Well I think if we have to have a pier, why can’t local residents have a traditional or rather a true pier (by definition) back? Personally I can say that it’d look quite handsome from my balcony’s sea view of Redcar, even though it might provide some competition for Saltburn. Even if it cost £3.1 millions, or even £5 millions, which I doubt, that’s a tenth of the cost of this project.

A birds eye view of the original Redcar pier.

Some of the money saved from the original budget could then be spent on improving the cohesion of Redcar overall by tying the town and the high street back into the sea front, something perhaps akin to the re-development proposed by local architects DKS during the competition. The council could also actively work with owners of derelict and closed properties along the front to help bring them back to life through generous loans and grants.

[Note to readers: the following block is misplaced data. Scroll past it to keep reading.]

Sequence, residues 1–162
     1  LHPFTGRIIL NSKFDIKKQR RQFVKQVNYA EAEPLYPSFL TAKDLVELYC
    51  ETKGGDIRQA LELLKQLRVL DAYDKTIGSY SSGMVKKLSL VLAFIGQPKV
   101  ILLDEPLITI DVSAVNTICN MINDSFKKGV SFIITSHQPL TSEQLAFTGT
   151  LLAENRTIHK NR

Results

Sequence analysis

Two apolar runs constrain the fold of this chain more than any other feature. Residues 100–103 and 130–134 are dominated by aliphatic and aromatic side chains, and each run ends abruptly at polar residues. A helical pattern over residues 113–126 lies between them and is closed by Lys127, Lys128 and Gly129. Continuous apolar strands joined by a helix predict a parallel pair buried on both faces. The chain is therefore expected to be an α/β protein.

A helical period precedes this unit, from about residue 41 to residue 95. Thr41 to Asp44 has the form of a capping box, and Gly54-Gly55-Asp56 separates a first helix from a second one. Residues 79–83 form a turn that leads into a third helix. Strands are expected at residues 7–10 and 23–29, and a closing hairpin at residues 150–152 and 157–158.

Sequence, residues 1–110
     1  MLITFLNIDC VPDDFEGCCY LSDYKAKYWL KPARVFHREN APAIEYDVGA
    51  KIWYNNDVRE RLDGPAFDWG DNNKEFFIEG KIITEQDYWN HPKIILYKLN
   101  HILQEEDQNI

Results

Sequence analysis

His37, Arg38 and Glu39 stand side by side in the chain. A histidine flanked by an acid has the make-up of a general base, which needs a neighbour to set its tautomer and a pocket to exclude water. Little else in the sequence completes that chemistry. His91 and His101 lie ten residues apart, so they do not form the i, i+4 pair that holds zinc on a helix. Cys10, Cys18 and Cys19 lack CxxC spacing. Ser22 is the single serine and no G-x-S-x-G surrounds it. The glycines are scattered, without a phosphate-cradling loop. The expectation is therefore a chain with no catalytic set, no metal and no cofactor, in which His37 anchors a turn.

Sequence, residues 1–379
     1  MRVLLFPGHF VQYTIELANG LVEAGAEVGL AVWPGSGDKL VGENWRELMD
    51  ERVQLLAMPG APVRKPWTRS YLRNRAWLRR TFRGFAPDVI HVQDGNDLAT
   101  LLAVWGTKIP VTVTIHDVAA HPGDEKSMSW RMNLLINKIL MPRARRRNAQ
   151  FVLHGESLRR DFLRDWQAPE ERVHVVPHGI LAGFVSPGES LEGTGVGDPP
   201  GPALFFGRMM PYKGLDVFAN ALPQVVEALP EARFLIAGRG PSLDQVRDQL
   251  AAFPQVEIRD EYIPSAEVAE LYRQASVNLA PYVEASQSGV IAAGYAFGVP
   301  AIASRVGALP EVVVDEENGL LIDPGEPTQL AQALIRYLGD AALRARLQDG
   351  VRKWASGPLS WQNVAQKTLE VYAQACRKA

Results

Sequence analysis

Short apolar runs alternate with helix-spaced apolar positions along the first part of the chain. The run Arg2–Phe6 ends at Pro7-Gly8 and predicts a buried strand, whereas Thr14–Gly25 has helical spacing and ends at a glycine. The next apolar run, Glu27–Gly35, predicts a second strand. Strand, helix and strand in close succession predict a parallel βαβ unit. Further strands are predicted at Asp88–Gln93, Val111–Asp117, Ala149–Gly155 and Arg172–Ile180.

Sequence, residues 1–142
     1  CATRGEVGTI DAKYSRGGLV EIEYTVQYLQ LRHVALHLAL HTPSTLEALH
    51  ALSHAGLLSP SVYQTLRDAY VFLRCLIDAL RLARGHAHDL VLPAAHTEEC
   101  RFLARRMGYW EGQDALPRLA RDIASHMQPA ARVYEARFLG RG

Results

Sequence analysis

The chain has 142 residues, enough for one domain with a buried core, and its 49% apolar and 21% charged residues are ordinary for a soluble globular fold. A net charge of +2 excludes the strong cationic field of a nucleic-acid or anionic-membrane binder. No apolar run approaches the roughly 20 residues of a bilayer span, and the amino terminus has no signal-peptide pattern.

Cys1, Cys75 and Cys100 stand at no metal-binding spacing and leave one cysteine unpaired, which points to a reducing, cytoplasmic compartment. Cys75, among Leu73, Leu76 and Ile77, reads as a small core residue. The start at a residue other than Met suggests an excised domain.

What I think Redcar needs is a helping hand, over a long period of time that would help businesses to get themselves back on their feet and make the seafront an attractive place to visit again. Such small, considered investments would not only be affordable but they would be infinitely more likely to succeed than a grand folly to this council’s arrogance.